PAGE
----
Thursday, 3 January 2013

Reckless Motoring

Reckless Motoring 
 Summer has at last arrived and living as I do in Whaley Bridge, within half a mile of Taxal Church, in good air and good company, I ought, you would think, to be as happy as the days just now are long. Not so. Motor cars run through our pretty village to and from Buxton at the rate of from 25 to 40 miles an hour. Some - I do not say all - are careless of everybody and everything but themselves. They think they have the complete right of the road. Everyone must make way for a high powered motor car. Dogs and cats they run over, and occasionally old men. The dust they create in running at the speed they do is most injurious to pedestrians, crops, and dwellings. Should you open your bedroom windows your rooms are soon covered, and make extra work for the already hard worked maids and assistants. Shopkeepers have to shut their doors, or their goods would be spoiled. A butcher told me that on a Saturday afternoon in fine weather, after his shop had been open all day, anything sold after 4 to 5pm wanted washing before being fit to eat.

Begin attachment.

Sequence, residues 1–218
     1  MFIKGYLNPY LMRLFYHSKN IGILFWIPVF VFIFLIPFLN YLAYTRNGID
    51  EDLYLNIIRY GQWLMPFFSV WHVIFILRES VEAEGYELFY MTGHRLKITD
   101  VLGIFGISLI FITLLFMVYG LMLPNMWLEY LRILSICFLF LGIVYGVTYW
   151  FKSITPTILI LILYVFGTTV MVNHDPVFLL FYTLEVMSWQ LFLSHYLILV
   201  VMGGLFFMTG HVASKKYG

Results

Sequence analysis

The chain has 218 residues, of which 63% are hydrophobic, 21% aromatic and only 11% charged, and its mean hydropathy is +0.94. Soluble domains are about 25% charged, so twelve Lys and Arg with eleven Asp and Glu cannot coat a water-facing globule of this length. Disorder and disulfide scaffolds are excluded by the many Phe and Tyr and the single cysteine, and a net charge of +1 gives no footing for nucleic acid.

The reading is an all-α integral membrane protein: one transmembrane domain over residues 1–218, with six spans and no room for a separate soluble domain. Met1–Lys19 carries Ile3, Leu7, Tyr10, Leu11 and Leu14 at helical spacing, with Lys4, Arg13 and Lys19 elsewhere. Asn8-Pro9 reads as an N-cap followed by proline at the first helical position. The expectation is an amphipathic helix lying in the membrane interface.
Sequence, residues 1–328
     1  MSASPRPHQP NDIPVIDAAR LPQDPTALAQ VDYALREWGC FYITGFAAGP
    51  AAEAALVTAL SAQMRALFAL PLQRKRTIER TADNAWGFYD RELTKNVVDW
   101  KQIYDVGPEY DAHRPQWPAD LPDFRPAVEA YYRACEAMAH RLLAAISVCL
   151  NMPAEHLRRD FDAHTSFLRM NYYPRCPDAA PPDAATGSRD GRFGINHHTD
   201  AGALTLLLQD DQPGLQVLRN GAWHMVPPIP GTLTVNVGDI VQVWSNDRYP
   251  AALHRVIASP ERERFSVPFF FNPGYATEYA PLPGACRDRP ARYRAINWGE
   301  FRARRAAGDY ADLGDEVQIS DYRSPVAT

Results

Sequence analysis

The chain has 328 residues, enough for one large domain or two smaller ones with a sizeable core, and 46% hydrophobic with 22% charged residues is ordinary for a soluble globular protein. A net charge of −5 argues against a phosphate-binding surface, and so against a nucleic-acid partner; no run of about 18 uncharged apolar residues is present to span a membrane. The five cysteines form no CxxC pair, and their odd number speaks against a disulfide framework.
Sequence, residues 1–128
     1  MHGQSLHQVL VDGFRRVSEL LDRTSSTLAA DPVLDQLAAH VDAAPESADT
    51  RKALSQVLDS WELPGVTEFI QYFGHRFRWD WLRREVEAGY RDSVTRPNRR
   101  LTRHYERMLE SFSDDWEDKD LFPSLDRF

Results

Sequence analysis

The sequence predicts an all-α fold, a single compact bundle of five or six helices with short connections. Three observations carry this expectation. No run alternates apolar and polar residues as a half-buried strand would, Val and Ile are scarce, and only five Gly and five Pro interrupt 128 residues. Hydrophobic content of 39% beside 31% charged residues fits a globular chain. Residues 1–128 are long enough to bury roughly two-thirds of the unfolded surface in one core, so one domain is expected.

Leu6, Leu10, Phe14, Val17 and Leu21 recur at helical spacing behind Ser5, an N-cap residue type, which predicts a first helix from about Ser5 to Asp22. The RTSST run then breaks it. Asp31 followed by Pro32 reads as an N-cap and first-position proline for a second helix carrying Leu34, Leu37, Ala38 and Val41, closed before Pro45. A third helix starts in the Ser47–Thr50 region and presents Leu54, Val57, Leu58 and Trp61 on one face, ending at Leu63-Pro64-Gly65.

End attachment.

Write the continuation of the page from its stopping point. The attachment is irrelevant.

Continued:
July 17th 1907

Sheep Rustling

In December 1850 Samuel Taylor of Hulme left 9 sheep in a field in Hodge Lane in Salford. He had left them in the charge of a young man named Richard Warren but the following day, neither man nor sheep were to be found. The loss was reported to the police at Chorlton upon Medlock who soon tracked down the culprit. Warren was found to have sold a sheep to a butcher at  Heaton Lane, Stockport, another to a butcher at Hazel Grove and a third in Whaley Bridge. 
The police caught up with Warren in a Whaley Bridge pub where he was found with the remaining 6 sheep in his possession.

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